There’s also the J Lo and Ben [Affleck] reference of My Love Don’t Cost a Thing, of them getting filmed together for such an iconic moment in pop culture. It was less about referencing and more about capturing the spirit. There’s some Madonna in there maybe, but it’s really not that.

RH: Bardia also mentioned this Quentin Tarantino sentiment when we first started talking, and that made the wheels start turning for me. There’s not a fur coat moment in a Tarantino film, but you have Uma Thurman in the yellow jumpsuit [in Kill Bill], an iconic wardrobe that is very specific and directional.

Tarantino makes a lot of sense because it has that dark undertone and this perverse sense of humour, which I think Sabrina has too.

RH: Right, Go-Go in Kill Bill, it’s very much in that world.

In Alaïa. Sarah Carpenter

There’s something meta, I’m sure, about having Sabrina and Barry play a couple in the video. I’d love to hear about that dynamic of them playing off each other but still playing characters.

RH: It’s super weird and very meta. They’re essentially playing themselves in this really elevated and theatrical way that is not themselves at all. There were moments where we’d try something and Sabrina would go, I don’t think she’d wear this. And I’d be like well, would you? With Barry, his wardrobe was very much his idea. I had the thought of doing this very Reservoir Dogs callback and have him in a suit that gets dishevelled throughout the video, but it ended up being a lot more like this Irish mob movie kind of thing, which was all him. He did mention Ray Liotta off duty in Goodfellas. Barry was super committed, and it was great to have him be so into it. With Sabrina the reference tends to be this Bridgette Bardot perfection, but here it was more Michelle Pfeiffer in Scarface. Still beautiful, still major, but there’s more darkness there.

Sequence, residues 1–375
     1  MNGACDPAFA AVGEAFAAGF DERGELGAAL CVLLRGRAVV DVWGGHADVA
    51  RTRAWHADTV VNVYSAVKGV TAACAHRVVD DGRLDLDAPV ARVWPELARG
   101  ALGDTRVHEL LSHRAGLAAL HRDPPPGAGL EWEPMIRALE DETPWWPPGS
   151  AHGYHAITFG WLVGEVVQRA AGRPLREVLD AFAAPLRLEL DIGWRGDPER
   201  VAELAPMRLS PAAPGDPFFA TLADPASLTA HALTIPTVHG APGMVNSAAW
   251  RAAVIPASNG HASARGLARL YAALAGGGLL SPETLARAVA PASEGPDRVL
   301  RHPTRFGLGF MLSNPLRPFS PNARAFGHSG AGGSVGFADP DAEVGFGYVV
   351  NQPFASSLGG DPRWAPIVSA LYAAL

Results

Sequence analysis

BZ: For context, too, this was also a one-day shoot. It was very challenging and we had a lot to accomplish. It was a blessing to have Barry as the co-star because you get this level of genuine investment that happens because he really cares. He stayed the 16 hours and came the day before to do a blocking rehearsal for the fight with the stunt coordinator. The amount of energy and effort he put in while also being conscious of being out of the way or it not being about him, it was great. It’s hard to cast people in general, but to get them that dedicated is unique.

I also think that there’s this sweetness and roughness to him that’s different from Sabrina but in the same spirit. He’s so nice and kind and so adorable, and so charming, which is so important in the video. You have to believe and understand why this person is falling for the chaos over and over again.

Did you feel any pressure going into this knowing the amount of eyes it would have on it after “Espresso”?